Ronovan Writes Weekly Haiku Challenge #114: Magic and Stars

 

Magical stardust

Depositing seeds of life

Ancient eyes watching

 

*I did some research on “stardust”. Here are some of the intriguing highlights that match the images. (Credits to NASA, ESA, nau.edu)

 

Image #1:  Comet 67P   

The primary goal of NASA’s Stardust mission (2004-2014) was to collect samples of  Comet 67P and return them to Earth for laboratory analysis. When the international team of 200 scientists began examination of the returned particles, they found that the particles were indeed ancient building blocks of the solar system but the nature and origin of the particles was quite unexpected.

One of the most unexpected was the 2009 discovery of the amino acid glycine by a team of scientists from the Goddard Space Flight center. The significance of this discovery is that comets must have delivered at least one amino acid to our planet before it had life. Amino acids are crucial to life because they form the basis of proteins, the molecules that run cells.

Image #2: (top right)  Chondrule or grain of stardust

Long before the Earth and other planets existed, the solar system consisted of a protosun and an immense, dense cloud of gases and silicate/metal dust particles. Turbulent high temperature events melted these dust balls into molten drops that quickly cooled into glass and tiny minerals.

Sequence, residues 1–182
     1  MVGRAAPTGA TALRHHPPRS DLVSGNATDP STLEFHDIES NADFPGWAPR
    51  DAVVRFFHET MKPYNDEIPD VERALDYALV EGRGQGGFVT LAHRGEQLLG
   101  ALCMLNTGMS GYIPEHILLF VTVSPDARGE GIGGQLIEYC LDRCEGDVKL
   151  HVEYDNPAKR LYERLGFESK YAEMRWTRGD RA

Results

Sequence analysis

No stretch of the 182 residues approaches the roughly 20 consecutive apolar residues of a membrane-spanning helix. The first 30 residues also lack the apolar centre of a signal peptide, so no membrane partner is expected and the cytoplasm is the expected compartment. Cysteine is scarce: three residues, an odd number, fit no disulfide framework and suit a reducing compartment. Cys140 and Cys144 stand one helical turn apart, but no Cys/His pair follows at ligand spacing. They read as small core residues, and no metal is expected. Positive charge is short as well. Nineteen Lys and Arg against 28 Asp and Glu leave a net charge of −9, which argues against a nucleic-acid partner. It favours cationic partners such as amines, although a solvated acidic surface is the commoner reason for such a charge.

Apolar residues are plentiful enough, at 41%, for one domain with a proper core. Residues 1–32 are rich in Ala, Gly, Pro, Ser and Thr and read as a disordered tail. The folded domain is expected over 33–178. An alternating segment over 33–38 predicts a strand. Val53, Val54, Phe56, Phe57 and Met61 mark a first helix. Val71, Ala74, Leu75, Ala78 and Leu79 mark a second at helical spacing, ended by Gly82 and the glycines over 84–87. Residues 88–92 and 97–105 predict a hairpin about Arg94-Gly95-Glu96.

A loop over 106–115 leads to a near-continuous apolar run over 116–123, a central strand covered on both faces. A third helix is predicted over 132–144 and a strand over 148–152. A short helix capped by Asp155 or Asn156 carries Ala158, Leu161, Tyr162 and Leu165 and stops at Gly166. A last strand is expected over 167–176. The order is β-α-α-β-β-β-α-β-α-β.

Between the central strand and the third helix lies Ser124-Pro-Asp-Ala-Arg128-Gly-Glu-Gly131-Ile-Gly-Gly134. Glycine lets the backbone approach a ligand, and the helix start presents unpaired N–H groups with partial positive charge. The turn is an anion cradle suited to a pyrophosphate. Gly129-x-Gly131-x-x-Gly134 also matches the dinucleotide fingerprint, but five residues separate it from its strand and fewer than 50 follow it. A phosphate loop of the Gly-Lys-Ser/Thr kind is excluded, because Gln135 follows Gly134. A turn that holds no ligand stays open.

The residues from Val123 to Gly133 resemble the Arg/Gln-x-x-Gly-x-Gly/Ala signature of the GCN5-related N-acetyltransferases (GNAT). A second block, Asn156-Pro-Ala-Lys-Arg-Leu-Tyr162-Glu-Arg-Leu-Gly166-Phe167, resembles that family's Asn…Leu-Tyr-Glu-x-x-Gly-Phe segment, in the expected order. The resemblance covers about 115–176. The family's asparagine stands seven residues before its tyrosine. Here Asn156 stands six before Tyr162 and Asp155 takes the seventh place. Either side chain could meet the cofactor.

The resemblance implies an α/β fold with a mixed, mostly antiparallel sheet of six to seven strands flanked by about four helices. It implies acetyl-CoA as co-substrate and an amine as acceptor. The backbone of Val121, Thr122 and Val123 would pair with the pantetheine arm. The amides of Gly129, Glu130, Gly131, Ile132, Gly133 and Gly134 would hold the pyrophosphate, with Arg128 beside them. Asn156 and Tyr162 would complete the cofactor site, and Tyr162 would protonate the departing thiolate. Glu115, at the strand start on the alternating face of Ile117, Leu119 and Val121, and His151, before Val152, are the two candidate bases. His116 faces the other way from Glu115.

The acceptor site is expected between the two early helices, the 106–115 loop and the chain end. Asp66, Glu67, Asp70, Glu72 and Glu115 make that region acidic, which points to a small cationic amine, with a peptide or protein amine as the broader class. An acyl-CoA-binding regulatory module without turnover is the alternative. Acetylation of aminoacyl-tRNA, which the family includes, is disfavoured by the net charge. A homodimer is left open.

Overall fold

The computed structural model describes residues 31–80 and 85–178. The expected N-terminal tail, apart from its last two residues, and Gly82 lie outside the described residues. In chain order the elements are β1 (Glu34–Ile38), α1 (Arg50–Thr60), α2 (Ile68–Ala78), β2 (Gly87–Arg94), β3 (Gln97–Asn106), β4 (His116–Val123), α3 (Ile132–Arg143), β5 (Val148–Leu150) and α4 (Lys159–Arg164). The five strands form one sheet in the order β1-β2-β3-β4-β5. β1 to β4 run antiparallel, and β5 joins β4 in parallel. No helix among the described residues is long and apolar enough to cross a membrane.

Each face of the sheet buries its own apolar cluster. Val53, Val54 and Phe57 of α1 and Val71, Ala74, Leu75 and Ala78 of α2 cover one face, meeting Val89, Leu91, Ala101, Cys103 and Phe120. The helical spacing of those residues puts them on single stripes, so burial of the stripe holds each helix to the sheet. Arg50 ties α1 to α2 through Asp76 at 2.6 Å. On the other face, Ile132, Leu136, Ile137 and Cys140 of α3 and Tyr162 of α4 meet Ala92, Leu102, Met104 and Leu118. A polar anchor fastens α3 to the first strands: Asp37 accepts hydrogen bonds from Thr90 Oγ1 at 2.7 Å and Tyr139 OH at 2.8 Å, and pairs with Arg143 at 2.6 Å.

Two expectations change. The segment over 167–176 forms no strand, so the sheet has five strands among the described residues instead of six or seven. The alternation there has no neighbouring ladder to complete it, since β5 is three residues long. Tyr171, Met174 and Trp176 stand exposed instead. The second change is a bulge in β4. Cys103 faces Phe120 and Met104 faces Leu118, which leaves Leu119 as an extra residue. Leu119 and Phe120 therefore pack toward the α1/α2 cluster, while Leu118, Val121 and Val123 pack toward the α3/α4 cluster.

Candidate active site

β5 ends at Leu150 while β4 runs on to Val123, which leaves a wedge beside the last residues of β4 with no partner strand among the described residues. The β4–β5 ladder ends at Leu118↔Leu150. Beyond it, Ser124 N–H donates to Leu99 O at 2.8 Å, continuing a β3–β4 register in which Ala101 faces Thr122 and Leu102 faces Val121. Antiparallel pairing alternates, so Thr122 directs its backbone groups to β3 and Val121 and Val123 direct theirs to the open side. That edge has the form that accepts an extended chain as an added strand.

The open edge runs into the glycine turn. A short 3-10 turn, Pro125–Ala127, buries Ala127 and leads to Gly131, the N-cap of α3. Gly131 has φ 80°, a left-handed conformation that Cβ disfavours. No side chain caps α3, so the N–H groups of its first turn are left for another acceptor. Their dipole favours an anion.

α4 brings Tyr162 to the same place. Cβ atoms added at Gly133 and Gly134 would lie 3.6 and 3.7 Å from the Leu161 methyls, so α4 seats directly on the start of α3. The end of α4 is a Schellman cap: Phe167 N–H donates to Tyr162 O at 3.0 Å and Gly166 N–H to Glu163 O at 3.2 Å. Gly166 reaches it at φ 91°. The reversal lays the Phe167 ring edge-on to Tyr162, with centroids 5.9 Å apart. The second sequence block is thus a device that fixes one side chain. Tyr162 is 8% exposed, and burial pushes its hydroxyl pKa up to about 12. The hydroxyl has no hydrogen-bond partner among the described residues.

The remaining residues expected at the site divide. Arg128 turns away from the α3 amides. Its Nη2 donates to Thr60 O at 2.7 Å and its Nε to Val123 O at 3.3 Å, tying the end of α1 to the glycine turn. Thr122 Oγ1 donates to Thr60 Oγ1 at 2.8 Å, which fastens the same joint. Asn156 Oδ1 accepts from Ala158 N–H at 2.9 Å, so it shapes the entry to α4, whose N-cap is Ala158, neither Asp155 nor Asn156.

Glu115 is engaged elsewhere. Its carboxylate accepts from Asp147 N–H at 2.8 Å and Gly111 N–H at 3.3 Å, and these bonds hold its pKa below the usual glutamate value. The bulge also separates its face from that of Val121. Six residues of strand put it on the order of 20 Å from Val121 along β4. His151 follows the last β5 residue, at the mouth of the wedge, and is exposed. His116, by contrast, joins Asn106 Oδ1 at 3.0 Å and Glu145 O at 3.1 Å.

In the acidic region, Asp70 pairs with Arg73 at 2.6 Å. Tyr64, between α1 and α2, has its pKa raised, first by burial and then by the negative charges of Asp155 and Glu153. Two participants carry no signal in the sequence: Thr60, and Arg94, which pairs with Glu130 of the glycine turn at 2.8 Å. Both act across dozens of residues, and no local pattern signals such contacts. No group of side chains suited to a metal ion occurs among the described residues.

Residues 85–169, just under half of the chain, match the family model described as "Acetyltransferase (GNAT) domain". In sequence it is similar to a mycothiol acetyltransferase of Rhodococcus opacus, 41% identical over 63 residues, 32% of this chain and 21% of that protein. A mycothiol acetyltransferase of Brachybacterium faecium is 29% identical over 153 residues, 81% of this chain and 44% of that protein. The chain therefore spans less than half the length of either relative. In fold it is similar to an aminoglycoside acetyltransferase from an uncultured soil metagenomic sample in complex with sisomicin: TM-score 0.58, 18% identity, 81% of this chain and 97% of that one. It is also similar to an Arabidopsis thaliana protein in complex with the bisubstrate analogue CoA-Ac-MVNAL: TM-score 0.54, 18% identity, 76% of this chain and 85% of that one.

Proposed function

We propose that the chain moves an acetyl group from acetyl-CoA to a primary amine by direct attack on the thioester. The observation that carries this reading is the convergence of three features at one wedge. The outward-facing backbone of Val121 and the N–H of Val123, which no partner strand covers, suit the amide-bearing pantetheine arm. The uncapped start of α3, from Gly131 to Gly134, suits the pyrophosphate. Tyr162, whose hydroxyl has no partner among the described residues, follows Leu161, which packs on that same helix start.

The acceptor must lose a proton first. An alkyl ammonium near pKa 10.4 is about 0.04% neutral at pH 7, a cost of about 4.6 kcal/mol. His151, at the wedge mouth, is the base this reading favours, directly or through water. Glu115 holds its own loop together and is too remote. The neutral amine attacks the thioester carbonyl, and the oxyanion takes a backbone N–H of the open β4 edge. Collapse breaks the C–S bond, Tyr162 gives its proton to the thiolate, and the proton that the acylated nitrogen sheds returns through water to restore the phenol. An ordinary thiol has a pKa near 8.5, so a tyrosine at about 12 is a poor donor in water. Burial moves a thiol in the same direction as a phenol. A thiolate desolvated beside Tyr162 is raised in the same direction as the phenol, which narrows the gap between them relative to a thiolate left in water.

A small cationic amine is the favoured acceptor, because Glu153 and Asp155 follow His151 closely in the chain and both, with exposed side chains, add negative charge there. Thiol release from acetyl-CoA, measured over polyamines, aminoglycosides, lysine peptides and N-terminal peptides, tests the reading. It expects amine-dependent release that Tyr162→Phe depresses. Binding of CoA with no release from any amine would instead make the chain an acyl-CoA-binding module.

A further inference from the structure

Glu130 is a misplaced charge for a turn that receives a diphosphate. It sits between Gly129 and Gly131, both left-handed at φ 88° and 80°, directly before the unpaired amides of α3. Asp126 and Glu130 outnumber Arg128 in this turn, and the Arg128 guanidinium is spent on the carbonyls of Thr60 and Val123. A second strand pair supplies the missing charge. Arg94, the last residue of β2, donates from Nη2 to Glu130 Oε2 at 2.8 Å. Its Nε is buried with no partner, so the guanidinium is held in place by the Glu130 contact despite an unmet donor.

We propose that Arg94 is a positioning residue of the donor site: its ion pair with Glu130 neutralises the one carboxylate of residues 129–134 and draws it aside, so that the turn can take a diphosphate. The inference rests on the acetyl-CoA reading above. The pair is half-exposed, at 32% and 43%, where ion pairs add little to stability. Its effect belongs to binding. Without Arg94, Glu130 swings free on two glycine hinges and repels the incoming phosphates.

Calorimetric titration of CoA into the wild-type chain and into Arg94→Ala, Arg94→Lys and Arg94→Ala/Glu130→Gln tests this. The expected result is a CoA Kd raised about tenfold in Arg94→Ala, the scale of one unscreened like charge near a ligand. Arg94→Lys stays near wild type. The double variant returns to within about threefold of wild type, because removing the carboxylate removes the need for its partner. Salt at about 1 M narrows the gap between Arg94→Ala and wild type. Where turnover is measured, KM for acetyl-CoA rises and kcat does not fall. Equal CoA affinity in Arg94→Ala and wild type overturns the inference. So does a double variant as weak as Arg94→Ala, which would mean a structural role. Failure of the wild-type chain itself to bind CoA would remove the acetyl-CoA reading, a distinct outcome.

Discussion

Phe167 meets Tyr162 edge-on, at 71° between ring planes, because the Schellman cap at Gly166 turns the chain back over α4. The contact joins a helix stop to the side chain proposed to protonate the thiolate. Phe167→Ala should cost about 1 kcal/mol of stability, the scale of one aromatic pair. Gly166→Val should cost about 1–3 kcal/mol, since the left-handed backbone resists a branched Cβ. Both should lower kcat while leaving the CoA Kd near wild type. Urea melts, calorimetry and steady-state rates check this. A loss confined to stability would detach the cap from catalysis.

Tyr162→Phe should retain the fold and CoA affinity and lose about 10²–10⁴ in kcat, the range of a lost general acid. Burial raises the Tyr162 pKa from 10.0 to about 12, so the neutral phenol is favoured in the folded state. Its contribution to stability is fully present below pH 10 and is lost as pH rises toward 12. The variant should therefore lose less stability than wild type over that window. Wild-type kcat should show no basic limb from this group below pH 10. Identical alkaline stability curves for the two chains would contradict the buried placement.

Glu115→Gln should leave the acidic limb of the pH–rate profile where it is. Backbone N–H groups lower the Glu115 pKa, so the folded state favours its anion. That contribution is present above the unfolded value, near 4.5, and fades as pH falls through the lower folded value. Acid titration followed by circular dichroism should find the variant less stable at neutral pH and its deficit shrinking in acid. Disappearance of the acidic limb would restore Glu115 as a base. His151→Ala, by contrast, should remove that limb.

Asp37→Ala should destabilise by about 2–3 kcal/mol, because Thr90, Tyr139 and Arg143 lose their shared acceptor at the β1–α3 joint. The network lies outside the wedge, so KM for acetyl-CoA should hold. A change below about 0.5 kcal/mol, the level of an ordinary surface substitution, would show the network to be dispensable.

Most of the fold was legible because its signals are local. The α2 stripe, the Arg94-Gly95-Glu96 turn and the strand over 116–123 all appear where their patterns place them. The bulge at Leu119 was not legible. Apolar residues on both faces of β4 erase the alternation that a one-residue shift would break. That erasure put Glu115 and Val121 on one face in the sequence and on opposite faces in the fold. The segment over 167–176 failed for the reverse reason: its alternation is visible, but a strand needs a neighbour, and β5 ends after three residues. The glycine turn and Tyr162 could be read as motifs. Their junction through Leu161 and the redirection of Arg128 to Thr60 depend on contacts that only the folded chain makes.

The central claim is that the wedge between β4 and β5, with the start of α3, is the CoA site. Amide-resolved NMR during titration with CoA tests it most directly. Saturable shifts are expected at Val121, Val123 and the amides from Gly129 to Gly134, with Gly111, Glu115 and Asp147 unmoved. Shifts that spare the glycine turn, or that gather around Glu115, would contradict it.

Henry Clifton Sorby, a 19th century English geologist, recognized that these millimeter-sized spherical objects resembled “fiery drops of rain” and called them chondrules (from the Greek word, chondros or grains) and meteorites that contain them, chondrites.

Image #3: (bottom right)

Microscopic slice of a meteor (chondrite) showing spherical grains of stardust.

Ron’s Challenge

 

 

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About Olga

I have always had an affinity for artistic endeavors and the beauties of nature. The power of the word combined with photography have become my creative spark.
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25 Responses to Ronovan Writes Weekly Haiku Challenge #114: Magic and Stars

  1. So it really is real! Lovely poem to go with some educational research!

    Liked by 2 people

  2. Janice says:

    A very interesting post Olga. Your haiku elevated my attention 🙂

    Liked by 1 person

  3. Denis1950 says:

    A scientific based haiku but also very imaginative Olga

    Liked by 1 person

  4. what a profound and beautiful Haiku. Great info!!

    Liked by 1 person

  5. paintdigi says:

    Good posts, beautiful blog.
    Congratulations.
    Welcome to see my creations:
    http://paintdigi.wordpress.com

    Liked by 1 person

  6. magarisa says:

    I love the way you’ve combined spirituality and science! Marvelous haiku.

    Liked by 1 person

  7. zathuraboy says:

    Nice, I was thinking its Fake the Whole Time lol

    Liked by 1 person

  8. Fascinating haiku and post. I love the images too.

    Liked by 1 person

  9. TechBook says:

    !

    what a profound and beautiful Haiku.

    Liked by 1 person

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